GymAddict wrote (see)

Perhaps I should have clicked on his link before starting a lecture.

 

Sorry Jamie - okay - Anaerobic training Zone is a crap name

 

Joe Beer calls it the 'dead zone' - so that's what we call it in our house 

 

PhilPub wrote (see)
Jamie Newton 2 wrote (see)
 

http://en.wikipedia.org/wiki/Anaerobic_exercise

Its confusing because sprinting/lifting weights etc is anaerobic. Whereas running say anything where your BPM is above 80% of max means that you are training in an 'anaerobic' training zone.

JN, I don't know if I'm missing something but do you really mean to equate "anaerobic training zone" with the suggestion that above 80% max HR, you are getting all your energy requirements from anaerobic pathways?  Because if you are, it's just plain wrong and contradicted by the wikipedia link you've put up: "Any activity lasting longer than about two minutes has a large aerobic metabolic component."

If you're referring to anaerobic threshold, then fair enough (possibly... the definition still confuses me) but it's easier to infer from what you've said that there is a switch from one to the other (aerobic - anaerobic) at a certain level of HR, which is not the case.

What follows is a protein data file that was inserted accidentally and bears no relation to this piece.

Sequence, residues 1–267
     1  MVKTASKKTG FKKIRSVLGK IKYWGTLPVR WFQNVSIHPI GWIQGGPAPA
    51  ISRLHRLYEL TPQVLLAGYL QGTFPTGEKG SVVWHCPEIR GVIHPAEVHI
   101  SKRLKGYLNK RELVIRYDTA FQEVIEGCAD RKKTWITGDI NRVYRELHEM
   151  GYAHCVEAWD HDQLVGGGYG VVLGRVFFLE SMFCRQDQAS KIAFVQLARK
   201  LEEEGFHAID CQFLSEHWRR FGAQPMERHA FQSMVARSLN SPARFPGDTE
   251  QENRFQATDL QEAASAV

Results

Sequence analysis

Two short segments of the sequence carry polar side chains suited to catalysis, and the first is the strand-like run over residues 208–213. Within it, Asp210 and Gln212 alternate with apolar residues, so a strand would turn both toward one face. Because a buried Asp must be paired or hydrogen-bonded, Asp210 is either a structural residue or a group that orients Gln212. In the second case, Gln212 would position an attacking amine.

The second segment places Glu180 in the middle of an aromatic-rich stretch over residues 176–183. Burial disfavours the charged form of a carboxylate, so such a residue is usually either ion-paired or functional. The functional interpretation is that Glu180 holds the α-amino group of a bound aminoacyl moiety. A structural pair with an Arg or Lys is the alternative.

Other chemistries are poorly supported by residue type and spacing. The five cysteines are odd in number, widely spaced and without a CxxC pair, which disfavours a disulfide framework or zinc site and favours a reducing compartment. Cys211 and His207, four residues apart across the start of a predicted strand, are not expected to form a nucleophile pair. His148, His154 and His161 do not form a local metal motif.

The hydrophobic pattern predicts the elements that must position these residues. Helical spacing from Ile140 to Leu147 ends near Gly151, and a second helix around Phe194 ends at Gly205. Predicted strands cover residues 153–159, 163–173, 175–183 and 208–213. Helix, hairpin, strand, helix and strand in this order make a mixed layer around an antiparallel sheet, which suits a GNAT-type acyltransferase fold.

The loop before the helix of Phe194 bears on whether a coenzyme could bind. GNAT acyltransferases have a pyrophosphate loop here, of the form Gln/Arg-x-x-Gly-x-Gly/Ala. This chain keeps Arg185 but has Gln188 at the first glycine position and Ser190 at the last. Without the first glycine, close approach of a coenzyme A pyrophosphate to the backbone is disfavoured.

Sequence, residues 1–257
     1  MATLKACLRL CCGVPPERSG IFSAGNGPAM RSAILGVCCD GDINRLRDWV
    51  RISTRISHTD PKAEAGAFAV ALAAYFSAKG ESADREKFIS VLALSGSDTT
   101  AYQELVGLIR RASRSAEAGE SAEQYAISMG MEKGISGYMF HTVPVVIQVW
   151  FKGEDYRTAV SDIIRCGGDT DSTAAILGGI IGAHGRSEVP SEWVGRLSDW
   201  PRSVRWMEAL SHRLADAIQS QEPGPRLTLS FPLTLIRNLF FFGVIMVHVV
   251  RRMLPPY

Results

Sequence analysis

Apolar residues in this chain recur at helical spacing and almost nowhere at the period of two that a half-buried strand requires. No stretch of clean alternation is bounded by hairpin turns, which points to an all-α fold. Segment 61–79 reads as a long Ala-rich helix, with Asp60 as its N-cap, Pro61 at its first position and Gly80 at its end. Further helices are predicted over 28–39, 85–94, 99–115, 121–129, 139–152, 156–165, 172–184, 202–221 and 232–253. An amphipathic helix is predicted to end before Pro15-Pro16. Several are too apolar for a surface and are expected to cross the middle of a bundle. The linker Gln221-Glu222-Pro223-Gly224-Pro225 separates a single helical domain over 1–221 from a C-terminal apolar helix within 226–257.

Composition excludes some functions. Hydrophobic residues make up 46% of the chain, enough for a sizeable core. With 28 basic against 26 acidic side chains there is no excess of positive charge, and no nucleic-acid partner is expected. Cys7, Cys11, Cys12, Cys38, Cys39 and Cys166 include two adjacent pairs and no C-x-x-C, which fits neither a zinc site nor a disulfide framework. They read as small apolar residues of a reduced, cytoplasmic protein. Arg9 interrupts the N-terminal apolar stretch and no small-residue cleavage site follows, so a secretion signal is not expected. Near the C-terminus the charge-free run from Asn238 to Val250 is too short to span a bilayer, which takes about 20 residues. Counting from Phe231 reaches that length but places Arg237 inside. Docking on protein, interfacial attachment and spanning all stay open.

FWIW my marathon HR is about 82/83% max, half marathon

04/03/2013 at 22:46

Hi again folks,

Don't know why but my post was clipped. Probably due to space taken from quotes.

Basically, things are starting to get a little too scientific for the purpose of the thread. For what its worth easy paced long slow runs and marathon paced training form part of my own training plan and I'm sure they do for most of the thread contributors. There are certainly benefits to be gained from both training paces irrespective of anaerobic thresholds/anaerobic traing zones or anaerobic pathways.

I think we can all agree on that.......

05/03/2013 at 09:28

Definitely